Colbert quipped, "I know my car jacking skills have gone up ..."
The walk through for that game is 53,000 words long. Longer than his book. It's an open moral universe on some level.
We've just lived through the most dramatic drop in crime. This is the least violent generation since the 50's. Not saying there is a correlation.
Playing hyper violent games does lead to aggregation. There's another games - it's called high school football. Does it lead to pathalogical levels of aggression?
Do we ever hear the question: Do you think they should play football versus do homework?
What about Columbine?
Crazy people get influenced to crazy things. What happens to sane people? Are we only able to point to isolated incidents?
Okay maybe they're getting better at the skills, but they have no imagination. I used to play with blocks when I was a kid.
Imaginative play is an important part of being a kid. His response: I remember that I used to pretend that I was flying a plane and now a kid can fly a plane in a fight simulator. Whose ability to imagine is better? No they haven conjured up those experiences on their own, so their imagination is being compromised.
Is traveling to other countries bad for your imagination? You won't be able to imagine that better way of life or different culture if you actually go there.
I agree that the games are mentally challenging, but my 17 year old has been plaing WOW for the last 3 weeks?
Tells addiction story.
Addiction is like the force in Star Wars - used for good or evil. No question that those games have a powerful hold over our us. How do you harness that power for good? What are the component parts of games that make it so addicting? If we can take that addictive structure and mix in some education ideas - that's a powerful cocktail.
Not just the flashy graphics. Not just the control. It's more complicated than that.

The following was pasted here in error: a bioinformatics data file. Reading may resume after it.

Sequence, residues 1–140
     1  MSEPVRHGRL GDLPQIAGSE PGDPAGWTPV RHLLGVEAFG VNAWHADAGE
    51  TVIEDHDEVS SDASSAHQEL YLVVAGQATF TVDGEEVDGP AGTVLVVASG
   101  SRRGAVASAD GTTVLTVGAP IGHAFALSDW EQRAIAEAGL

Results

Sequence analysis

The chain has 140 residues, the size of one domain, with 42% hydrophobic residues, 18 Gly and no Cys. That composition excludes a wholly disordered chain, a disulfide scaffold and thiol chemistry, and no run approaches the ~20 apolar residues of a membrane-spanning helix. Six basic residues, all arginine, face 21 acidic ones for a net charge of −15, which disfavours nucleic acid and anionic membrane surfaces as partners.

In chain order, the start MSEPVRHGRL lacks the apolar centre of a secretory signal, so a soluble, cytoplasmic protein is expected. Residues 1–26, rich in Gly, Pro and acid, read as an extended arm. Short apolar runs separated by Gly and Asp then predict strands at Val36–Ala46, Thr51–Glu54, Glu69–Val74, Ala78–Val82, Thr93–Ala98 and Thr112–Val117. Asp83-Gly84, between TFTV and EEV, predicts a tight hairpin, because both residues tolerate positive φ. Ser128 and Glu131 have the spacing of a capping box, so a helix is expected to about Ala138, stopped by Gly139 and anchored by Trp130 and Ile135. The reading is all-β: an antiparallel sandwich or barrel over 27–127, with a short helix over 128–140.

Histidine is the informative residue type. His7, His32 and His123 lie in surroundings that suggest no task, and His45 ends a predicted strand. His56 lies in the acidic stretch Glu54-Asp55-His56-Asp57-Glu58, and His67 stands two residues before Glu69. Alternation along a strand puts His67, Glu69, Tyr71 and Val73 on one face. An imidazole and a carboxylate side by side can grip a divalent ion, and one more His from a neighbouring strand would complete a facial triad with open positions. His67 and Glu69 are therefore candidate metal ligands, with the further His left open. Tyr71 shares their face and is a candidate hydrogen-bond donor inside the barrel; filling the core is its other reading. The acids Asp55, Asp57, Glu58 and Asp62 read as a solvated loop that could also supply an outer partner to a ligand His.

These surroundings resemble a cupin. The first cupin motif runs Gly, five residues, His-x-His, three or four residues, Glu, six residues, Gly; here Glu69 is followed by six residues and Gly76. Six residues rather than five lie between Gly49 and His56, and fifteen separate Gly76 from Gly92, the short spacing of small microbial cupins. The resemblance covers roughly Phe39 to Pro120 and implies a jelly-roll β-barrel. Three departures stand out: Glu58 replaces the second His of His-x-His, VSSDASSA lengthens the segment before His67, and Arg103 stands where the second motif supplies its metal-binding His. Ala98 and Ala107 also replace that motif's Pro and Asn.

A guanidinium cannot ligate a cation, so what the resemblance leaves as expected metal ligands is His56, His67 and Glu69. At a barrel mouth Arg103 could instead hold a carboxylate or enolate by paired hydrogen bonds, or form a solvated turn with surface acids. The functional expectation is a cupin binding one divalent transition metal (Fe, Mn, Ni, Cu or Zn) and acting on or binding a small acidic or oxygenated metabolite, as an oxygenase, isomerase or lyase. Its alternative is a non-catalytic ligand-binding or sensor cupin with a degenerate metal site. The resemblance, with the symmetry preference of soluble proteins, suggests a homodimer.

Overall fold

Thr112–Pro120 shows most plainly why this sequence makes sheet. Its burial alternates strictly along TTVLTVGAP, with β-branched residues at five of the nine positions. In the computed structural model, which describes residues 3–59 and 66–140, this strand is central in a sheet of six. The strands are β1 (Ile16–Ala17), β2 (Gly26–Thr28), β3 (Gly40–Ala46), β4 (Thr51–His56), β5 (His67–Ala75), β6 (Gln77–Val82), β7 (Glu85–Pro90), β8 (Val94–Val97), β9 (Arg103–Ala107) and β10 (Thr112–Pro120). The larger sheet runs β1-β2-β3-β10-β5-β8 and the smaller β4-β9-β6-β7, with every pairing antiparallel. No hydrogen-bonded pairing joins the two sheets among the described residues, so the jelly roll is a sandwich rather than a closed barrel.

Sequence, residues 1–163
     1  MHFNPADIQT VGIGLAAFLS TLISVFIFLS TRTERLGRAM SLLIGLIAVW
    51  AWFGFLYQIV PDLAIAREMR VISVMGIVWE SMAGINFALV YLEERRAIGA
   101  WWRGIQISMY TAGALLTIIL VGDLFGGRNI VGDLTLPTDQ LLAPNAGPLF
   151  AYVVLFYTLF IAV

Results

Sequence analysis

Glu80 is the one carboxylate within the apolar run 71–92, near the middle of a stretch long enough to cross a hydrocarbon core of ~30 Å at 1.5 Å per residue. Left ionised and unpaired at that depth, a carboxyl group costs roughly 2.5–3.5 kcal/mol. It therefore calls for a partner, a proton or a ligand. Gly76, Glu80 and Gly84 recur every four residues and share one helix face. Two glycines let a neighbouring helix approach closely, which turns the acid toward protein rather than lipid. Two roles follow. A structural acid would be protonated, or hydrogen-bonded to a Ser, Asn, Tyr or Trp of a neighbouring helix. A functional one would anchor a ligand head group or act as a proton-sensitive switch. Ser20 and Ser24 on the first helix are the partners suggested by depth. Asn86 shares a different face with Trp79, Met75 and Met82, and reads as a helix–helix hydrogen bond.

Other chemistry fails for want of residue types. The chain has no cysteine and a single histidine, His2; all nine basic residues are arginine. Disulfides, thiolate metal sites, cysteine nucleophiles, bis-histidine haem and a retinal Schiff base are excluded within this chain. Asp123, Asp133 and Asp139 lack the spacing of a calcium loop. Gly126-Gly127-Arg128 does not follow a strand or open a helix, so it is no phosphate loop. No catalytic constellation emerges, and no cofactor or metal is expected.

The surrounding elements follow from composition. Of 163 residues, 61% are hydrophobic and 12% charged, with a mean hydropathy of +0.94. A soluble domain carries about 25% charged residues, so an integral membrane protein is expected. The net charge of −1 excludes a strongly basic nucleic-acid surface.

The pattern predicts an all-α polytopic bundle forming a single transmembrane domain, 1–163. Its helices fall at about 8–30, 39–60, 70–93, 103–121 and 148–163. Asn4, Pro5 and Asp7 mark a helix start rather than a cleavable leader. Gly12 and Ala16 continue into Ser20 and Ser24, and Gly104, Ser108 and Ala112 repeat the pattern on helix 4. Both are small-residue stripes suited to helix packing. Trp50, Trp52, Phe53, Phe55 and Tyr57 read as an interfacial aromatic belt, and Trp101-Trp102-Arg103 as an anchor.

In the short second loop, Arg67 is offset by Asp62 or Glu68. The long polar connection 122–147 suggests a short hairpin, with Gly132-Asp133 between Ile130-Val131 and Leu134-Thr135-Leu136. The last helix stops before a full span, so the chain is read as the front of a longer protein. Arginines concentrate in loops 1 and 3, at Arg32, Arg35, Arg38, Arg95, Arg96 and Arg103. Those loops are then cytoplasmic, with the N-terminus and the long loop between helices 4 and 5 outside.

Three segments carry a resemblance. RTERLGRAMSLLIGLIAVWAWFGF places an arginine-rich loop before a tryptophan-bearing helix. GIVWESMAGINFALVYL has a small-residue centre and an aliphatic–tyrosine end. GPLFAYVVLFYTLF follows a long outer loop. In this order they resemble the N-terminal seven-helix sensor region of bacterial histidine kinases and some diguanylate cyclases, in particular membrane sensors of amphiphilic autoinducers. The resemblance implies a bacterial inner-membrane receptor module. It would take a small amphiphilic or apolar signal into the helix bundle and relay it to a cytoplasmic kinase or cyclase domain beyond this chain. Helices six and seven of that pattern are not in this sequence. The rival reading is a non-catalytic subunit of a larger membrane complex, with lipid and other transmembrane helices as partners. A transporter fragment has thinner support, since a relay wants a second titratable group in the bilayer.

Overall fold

The Power of Addiction
A few points where games have a hard time reaching the achievement of other forms, like books.
Psychological depth. Games you can control character's hunger, comfort, hypgeine, bladder levels. You can't get to a more nuanced form of the inner life like the novel is good at doing. There is something about the game cultural mode that makes complexity difficult.
Memory: Refers to Lost flashbacks. It is hard to do that with a game. If you are forced to remember something - the internal experience of memory - that games have a hard time doing.
Fixed Causal Chains: Showing you the possibliities. What did happen? To do teach it - the games stop being games. Sometimes you need a history book to tell you what happened.
Argument and Persuasion: Not convinced for the capacity of games for argument, better for experimentation.
The written word is better at doing these things. Games can't teach people how to write, but would love to be proven wrong.
The Written Word: If you're so hot on video games, why did you write a book?
To the extent that my book emplified a discussion taking place around gaming - that conversation could only happen via a book. It took 230 pages of linear argument. Couldn't do it in a sound bite, game, or blog post. The book was well suited for that type of change making - persuade people of something they didn't believe. Culture still values books, we're reading less.
Conversation recognizes the limits as well as the power.
Aldon Hynes is sitting in front me and also live blogging - doing a great job - he didn't have to get up at 4:00 a.m. to catch a train!